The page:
During her time at the trust, Victoria was active in sharing her faith with staff and patients. Yet despite her informal gatherings being popular with patients, Victoria met with resistance from staff members and, in 2016, lost her appeal over the freedom to talk to a Muslim colleague about her faith.
NHS centre breaching its own guidelines
In denying patients proper Sunday Christian services, the John Howard Centre was said to be not only discriminating against Christian patients on the grounds of religion, but also to be breaching a number of its legal obligations. This includes Article 9 of the European Convention on Human Rights, which describes the right of an individual to freely exercise their religious faith through worship and observance.
The centre was also in breach of NHS chaplaincy guidelines, especially in the context of a centre supporting patients with serious mental health issues, which state: “Recognising a person’s spiritual dimension is one of the most vital aspects of care and recovery in mental health. People who use services increasingly wish to have services view them as whole persons in the context of their whole lives; and spirituality and faith is a vital element in that.”
Months of back and forth correspondence ensued. The Christian Legal Centre said there must be weekly Sunday services for Christian patients, offered to find a minister or partner church to help, and suggested a meeting with the Spiritual, Religious and Cultural Care Team at the centre to try to find a way forward.
No progress was made, however, as the Centre continued to delay, deflect and deny Christian patients their rights and freedoms.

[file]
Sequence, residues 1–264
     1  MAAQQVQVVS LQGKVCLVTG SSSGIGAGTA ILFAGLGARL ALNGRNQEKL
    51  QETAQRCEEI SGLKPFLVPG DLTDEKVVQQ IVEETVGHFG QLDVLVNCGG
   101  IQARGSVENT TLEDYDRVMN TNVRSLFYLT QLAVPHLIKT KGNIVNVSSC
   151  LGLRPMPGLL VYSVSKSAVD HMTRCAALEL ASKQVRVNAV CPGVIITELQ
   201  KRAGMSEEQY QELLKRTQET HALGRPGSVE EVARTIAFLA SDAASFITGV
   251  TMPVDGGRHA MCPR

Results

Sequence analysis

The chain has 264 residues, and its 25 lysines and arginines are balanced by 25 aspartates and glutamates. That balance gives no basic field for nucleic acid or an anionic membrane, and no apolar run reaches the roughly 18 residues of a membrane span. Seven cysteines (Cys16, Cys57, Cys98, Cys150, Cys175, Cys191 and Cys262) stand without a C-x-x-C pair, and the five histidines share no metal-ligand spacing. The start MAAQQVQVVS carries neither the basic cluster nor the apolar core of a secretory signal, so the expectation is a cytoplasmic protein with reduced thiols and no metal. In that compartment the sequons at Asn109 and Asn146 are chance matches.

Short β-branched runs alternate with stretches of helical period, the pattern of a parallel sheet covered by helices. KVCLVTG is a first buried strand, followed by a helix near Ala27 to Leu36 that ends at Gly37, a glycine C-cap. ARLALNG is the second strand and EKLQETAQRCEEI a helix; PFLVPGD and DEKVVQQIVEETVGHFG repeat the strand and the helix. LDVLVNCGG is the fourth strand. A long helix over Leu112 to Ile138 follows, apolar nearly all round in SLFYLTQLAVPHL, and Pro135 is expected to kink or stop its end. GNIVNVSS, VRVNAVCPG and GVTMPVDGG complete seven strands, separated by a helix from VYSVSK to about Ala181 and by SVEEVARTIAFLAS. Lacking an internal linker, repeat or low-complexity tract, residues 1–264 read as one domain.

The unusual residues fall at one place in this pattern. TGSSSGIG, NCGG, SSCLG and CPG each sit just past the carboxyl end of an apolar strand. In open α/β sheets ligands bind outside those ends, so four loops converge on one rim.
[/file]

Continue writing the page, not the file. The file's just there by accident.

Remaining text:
It took a further threat of legal action for the Centre to finally offer weekly Sunday Christian services, which began on Sunday 7 July 2019. There are now reportedly 6-8 people attending these services.
Grew up in care, abused by the system
Freddie has described his experience in the prison system: “I grew up in care and was abused by the system as a child and came into the adult world not knowing what God, family and love are.”
The English prison system has a long history of taking in an unrepresentative proportion of children in care. Nowadays, fewer than 1% of all children in England are in care, but they make up around two-thirds of children in secure training centres and young offender institutions. Furthermore, six in ten children sent to prison are reconvicted within a year of release, which rises to 68% of those serving sentences of less than six months.
For Freddie, becoming a Christian has provided him with the care and support that was lacking for so long: “I am a damaged person, a convicted criminal, but the only true redemption I have found in my life is hope in Jesus Christ. I rely on that input for my physical, emotional and spiritual well-being. So when it was denied to me and instead I was provided with a psychic to administer Holy Communion, I knew I had to take a stand, not just for me, but for all the patients at the centre.
“I am pleased that Christian Sunday services have now started but I am concerned that they have still not been written into the curriculum in the same way as Friday Islamic prayers have.”
“Wholly inappropriate and disturbing”
Andrea Williams, Chief Executive of the Christian Legal Centre, said:“We are encouraged that the John Howard Centre has finally agreed to hold Sunday Christian services for its patients.
“All that the Christian patients at the centre wanted was to have a service and Holy Communion on a Sunday, which recognised the hope they have in Jesus Christ, and to exercise their faith in Him. This was not being taken seriously and what the centre was providing was wholly inappropriate and disturbing to already vulnerable patients.
“We have seen from a number of our cases that access to Christian input is under threat, not only in our prisons where the hope the Gospel is needed most, but also in the NHS. As Christians, we believe that Jesus forgives everyone who has faith I Him and who asks to be forgiven. We all have the freedom, no matter what we have done in our past, present or future, to know and worship the Lord Jesus Christ.
“We call on the John Howard Centre to be consistent in its approach to providing Christian services going forward.”